Ever since the start of the pandemic, the internet has been abuzz with talk of remote working. I’m constantly trying to calibrate how real the sentiments about remote-working-as-everyone’s-absolute-preference are - they seem to differ vastly depending on whether people are hiding behind a keyboard or sitting across a table (perhaps behind a cup of coffee, or a beer) from you. I personally sit firmly on the in-person side of the spectrum, and people are often shocked when we tell them BluLever is a fully in-person team - especially as a start-up - so in this article, I’ll share the case for getting physical in a virtual world - as we see it.
I’ll start by sharing a bit about the kind of work we do for context. BluLever is an education start-up. We run innovative vocational education programmes. Our apprentices’ learning is relatively high-touch and often physical. Everything is blended, with appies learning in classrooms with facilitators, practically in the workshop, but also online on our LMS in a self-directed manner on their phones. There are elements of our model that cannot be digitised - mainly the workshops where appies go through their practicals, (and yes - we have seen and tried the VR / AR stuff, but we’ve never found a version that can replace the physical workshop) but others which can. We can, and do sometimes take learning online when necessitated - for example during a 2021 COVID lockdown - but it is not our preference and it erodes the quality of the learning experience.
Recently we’ve been on a bit of a hiring drive, which means lots of final interviews, during which we always aim to set expectations thoroughly. We share a bit about how we work and are open about what we expect. It all boils down to a simple concept: we treat people like adults - with their own goals and their own drive to make an impact - and we expect them to behave like adults - making their own decisions, handling their own schedules, and solving their own problems. This doesn’t mean we don’t offer support and scaffolding, but rather that we don’t see a need to be preemptively punitive, or have extensive guardrails in place. We have flexible working hours, people can work from home, we have flexible leave, and we expect a lot from people.
"We focus on output - results and impact - and not on input - nobody is watching your hours or how hard it looks like you are working."
We’re here because we believe in the impact we’re making, and we work hard to get there. All that being said, one thing we always emphasise is that we are not a remote team. We want people to want to be in the office, we want people to spend a lot of time here and we want them to get the most out of that time together.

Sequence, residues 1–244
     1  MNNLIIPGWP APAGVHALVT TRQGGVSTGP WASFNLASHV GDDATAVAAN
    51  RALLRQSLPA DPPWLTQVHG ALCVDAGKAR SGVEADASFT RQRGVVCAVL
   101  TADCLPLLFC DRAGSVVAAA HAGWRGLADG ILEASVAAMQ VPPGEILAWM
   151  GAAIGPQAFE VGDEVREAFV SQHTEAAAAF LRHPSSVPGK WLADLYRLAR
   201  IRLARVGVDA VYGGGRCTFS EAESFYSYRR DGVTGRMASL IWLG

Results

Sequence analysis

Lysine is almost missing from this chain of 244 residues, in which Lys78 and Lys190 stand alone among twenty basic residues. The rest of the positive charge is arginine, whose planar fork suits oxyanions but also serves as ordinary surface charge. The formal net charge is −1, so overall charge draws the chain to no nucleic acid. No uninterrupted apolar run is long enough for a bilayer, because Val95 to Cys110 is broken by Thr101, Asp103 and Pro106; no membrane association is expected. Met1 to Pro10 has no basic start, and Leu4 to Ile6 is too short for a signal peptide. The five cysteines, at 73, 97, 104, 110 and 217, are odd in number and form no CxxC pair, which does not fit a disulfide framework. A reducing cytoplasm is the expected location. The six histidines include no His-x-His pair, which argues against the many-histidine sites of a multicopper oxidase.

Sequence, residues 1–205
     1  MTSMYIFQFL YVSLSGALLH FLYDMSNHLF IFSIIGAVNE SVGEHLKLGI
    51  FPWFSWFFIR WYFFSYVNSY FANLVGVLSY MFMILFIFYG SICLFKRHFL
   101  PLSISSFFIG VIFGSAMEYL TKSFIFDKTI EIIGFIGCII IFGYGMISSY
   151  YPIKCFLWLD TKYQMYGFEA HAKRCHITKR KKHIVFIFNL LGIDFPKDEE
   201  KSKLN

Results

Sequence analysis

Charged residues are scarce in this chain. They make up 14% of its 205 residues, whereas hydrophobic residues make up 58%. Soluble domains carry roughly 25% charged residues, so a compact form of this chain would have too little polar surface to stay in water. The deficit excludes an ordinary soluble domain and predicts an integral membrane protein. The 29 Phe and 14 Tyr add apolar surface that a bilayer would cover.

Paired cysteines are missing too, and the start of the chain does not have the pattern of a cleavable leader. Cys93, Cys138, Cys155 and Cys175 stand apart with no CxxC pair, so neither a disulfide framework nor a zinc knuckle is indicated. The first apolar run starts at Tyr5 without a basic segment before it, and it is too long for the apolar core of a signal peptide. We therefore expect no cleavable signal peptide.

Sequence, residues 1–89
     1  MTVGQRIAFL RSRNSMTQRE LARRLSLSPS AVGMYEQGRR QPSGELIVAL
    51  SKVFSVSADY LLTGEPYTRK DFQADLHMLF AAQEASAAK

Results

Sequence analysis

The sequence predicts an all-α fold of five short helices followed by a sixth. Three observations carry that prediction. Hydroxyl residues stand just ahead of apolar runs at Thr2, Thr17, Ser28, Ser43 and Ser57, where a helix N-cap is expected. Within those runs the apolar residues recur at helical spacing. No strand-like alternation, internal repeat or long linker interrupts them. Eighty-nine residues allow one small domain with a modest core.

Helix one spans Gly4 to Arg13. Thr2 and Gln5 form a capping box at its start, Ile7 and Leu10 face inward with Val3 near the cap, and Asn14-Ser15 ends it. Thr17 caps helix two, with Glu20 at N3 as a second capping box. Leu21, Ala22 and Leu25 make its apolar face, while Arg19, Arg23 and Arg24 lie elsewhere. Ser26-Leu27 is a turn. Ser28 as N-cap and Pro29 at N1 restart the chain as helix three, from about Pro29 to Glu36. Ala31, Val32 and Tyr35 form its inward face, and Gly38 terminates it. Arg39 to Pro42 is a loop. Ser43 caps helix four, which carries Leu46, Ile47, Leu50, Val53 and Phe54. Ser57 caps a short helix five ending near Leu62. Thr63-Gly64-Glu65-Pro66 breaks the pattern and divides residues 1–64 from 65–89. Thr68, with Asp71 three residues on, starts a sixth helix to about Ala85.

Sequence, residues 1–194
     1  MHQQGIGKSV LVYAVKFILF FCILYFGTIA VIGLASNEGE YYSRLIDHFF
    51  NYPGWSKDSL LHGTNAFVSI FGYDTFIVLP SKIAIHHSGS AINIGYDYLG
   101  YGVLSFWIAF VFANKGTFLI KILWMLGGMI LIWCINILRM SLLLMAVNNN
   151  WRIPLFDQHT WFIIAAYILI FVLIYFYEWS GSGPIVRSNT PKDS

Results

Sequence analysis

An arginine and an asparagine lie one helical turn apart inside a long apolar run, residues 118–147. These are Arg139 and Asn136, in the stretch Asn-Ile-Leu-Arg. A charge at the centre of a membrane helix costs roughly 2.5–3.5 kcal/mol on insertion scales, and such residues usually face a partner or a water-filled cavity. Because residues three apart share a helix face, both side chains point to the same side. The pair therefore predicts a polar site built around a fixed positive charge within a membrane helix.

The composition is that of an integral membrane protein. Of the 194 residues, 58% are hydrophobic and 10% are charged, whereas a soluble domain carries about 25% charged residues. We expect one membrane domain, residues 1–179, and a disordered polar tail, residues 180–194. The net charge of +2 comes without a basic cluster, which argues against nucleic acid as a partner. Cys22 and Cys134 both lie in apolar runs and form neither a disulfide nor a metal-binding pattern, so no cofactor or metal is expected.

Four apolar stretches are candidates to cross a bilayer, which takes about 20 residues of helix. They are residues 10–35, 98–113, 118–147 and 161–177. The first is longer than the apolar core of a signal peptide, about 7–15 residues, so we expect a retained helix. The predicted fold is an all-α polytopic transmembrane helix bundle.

Here’s how we think about being a physical team in an increasingly virtual world, and the three big reasons this makes sense for us.
1: How we work: collaborative - brainstorming - problem solving - collisions
As a team, we really believe in the power of collisions (and we’re not alone). Being in an open space where you can overhear something, get an idea and dive into a conversation, or have an impromptu problem-solving session in the kitchen has proven to be super important. It is also vital for getting people out of their siloes and encouraging them to get involved in other teams’ work. When you can see people working on something in a meeting room nearby or on a whiteboard, you’re infinitely more able to engage than just reading about it on their slack check-in. We understand that this can feel disruptive sometimes, and try to create space for deeper / focused work (a dedicated quiet working space, pods and an unofficial headphones norm). At the same time, we see the value of physically collaborating again and again. We are big brainstormers, we love using whiteboards, cards, post-its, you name it. We deal with lots of complex, people-related problems, and being able to map them out physically helps a lot (we may have occasionally drawn some toast). We also have a lot of physical representations of the work we do to help keep us on track, including a quarterly dashboard and calendar that we gather around once a week.
2: Culture Building: we thrive on the strength of our relationships - the bonding power of food - seeing impact in person
As a startup, culture is central to everything we do. We try to be very intentional about building our culture and see it as the thing that will allow us to scale successfully. We are intentional about the rhythms and rituals we build, and how we use these to scaffold our work. It’s no accident that the spaces we think of as culture centres are usually times when we gather in person for a length of intensive time (check out our thinking on retreats). As a team, we thrive on the strength of our relationships. The number one piece of advice we give to our new hires is to build strong relationships, as these will enable their success.
"We strongly believe that relationship building, while possible online, is far easier in person, and relationships are deepened by spending time together."